The Danish Girl

March 6, 2016
Hello everyone! Its been a good while since I last posted about my life and my current finds. I actually meant to make a post about the current music that I've been loving, but I've done that before and I didn't really see any point in me making a list at the moment (although I have been enjoying Taemin's Press Your Number a lot)

A few days ago, I watched The Danish Girl online. I'd heard about it online, Wikipedia-d it and watched it out of interest and curiosity. Coincidentally, my Media Law lecturer asked us to discuss these banned movies in Malaysia, The Danish Girl included (the other two movies were 50 Shades of Grey and The Wolf of Wall Street). Just a few minutes before typing up this post, I rewatched The Danish Girl with my friends Bella and Kevin and decided, hey, why not write my thoughts about the movie on my blog? It'll definitely be more interesting than a song list.

(Although I don't know if I'll get into any trouble publicly posting that I watched a banned movie omg I have no money, please don't sue me)

PS. A few spoiler alerts down below soooooo...


So to start off, the plot is mainly about Einar Wegener who identifies as a woman (Lili Elbe). She (I'll refer to Einar/Lili as she) was initially married to Gerda Wegener and both of them are painters (Einar a landscape painter, Gerda a portrait painter). This movie was based on one of the world's first documented transgender.


The main thought that I got from the film was that it must have been so hard for Einar, as a man, to deal with himself identifying as a woman (Lili) without any other source of support or information aside from himself, Gerda and the doctors he went to. In today's society, transgenders have sufficient information and technology to transition smoothly and with them having more in depth information of what they are going through and who they are. 

I personally have no negative views towards people who decide to transition, but I have noticed that the term transgender is still a big stigma in today's society. As I have personally noticed, when Caitlyn Jenner transitioned, a lot of people reacted to it, some good some bad. I have seen good responses on the Internet but there are still a lot of people who find this unacceptable. To be honest, among my friends there have only been two reactions: either they do not want to talk about it or they feel that it is very bad.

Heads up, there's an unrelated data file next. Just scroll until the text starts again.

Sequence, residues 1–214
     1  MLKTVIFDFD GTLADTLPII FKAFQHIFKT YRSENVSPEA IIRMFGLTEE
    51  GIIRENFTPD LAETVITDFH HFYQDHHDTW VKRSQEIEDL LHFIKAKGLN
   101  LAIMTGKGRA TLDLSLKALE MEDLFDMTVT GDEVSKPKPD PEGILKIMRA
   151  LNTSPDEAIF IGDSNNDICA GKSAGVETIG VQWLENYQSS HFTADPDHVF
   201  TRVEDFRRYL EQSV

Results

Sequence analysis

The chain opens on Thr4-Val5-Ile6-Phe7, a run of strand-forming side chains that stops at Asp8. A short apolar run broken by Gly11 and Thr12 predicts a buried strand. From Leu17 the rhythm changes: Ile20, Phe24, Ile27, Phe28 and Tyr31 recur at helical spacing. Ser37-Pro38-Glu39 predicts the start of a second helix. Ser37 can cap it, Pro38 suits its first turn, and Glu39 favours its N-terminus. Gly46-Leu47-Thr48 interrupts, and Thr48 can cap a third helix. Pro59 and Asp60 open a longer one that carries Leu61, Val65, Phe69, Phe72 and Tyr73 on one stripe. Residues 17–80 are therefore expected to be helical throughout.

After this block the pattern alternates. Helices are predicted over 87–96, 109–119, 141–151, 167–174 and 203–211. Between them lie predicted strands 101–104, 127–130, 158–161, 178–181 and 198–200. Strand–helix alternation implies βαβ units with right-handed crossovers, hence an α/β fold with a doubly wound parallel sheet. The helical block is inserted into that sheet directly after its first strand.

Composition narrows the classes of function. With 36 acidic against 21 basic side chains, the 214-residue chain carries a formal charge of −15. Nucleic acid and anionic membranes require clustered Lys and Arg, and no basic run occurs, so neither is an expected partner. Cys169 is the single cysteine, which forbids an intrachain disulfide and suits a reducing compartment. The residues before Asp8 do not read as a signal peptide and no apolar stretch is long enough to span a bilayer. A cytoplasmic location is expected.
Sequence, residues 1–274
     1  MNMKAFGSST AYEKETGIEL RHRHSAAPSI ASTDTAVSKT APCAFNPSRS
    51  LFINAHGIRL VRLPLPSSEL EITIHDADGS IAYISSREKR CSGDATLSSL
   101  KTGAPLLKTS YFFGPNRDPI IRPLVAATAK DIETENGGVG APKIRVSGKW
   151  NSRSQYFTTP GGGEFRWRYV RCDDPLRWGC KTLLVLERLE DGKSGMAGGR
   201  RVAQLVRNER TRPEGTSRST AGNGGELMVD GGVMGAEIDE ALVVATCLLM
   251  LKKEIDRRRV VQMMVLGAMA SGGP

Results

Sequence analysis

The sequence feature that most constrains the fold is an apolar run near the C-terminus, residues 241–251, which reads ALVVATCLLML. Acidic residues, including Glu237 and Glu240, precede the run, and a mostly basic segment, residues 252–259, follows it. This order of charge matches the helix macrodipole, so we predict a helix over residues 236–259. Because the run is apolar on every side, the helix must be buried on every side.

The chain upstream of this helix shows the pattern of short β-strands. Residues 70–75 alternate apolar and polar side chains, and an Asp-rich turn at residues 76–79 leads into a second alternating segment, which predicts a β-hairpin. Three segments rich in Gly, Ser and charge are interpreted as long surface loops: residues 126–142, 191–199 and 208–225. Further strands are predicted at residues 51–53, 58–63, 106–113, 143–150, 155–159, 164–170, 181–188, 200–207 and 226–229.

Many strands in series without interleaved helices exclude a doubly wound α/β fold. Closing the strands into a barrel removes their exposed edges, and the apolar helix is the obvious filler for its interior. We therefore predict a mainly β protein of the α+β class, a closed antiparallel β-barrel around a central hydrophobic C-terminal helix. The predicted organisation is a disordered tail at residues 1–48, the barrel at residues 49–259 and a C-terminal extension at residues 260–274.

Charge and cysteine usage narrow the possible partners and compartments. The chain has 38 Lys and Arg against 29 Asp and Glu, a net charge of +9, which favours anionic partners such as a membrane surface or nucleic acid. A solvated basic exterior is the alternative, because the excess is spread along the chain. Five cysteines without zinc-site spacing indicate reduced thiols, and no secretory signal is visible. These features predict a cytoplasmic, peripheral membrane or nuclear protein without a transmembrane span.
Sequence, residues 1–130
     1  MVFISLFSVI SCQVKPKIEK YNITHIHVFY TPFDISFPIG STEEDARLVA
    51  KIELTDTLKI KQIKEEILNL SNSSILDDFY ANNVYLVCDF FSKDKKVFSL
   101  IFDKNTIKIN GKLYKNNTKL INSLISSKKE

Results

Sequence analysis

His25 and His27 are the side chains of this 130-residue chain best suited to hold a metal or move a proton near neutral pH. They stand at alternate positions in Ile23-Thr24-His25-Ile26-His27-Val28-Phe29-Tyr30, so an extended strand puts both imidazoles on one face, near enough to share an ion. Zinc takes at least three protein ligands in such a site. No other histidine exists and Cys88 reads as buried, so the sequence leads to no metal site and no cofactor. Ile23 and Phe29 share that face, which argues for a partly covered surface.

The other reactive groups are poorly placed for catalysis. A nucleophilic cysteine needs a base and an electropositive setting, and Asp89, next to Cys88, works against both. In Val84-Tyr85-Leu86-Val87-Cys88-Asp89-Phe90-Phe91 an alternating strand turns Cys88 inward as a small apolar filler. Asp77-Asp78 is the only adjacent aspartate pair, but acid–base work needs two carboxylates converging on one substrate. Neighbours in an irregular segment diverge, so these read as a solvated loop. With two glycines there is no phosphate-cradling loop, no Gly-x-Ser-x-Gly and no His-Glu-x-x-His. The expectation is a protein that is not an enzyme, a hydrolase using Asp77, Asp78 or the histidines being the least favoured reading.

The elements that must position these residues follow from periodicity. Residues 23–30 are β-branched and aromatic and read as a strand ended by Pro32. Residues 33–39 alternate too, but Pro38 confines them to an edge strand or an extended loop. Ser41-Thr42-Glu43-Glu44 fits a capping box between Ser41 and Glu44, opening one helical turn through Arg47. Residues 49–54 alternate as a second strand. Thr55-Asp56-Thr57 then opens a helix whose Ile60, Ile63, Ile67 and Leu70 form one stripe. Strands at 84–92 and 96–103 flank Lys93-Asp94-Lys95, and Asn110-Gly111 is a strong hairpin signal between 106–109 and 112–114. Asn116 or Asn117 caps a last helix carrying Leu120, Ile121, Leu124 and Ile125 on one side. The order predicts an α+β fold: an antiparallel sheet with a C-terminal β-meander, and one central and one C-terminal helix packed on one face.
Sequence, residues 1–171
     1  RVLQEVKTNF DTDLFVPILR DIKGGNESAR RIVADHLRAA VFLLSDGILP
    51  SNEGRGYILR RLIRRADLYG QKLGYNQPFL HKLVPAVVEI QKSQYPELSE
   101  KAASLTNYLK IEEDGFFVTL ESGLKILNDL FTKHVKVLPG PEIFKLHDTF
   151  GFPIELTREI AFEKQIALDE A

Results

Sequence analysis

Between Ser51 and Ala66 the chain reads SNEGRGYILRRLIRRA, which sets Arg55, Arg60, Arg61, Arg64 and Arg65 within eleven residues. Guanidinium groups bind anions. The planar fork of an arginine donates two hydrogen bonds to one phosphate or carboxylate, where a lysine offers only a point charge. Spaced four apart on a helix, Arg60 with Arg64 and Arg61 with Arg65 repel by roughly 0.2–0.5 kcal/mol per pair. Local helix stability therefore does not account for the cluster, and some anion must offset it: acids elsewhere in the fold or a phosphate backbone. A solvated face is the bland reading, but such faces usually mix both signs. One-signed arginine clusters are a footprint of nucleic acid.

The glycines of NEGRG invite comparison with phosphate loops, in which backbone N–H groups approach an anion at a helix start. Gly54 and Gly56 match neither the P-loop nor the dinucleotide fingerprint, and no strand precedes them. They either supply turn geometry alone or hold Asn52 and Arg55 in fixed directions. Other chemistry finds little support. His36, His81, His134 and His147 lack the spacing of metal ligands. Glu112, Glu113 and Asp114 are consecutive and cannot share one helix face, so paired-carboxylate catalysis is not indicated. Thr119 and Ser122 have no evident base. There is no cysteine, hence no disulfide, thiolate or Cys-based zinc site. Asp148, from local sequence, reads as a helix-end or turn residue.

I think that as humans, we have created a fixture in religions, cultures and traditions that there are only two main genders: male and female, when in fact, there is a whole spectrum of others. Coming from a very conservative Asian community, I find that most people see gays, lesbians and transgenders as people who should be avoided, are sinners and are generally bad. I think that people who think like this miss one important point: they are people as well. Gay, lesbian and trans people are still people who are struggling to find and express who they really are, and today's society's practice of oppressing this thought or of degrading them for wanting to be who they are is just not right.

Growing up, I've learned that everyone has their own tastes and their own beliefs. It can be with food, it can be with how religious they are, it can be their fashion sense but it all boils down to everyone having their own set of beliefs and morals. I've learned that the best way to achieving harmony is to not force your own set of beliefs and tastes onto someone else. If someone is a vegetarian, and you yourself eat meat, would you actually force that person to eat meat and not respect their own set of beliefs? Both of you can still be friends while respecting each other's choices.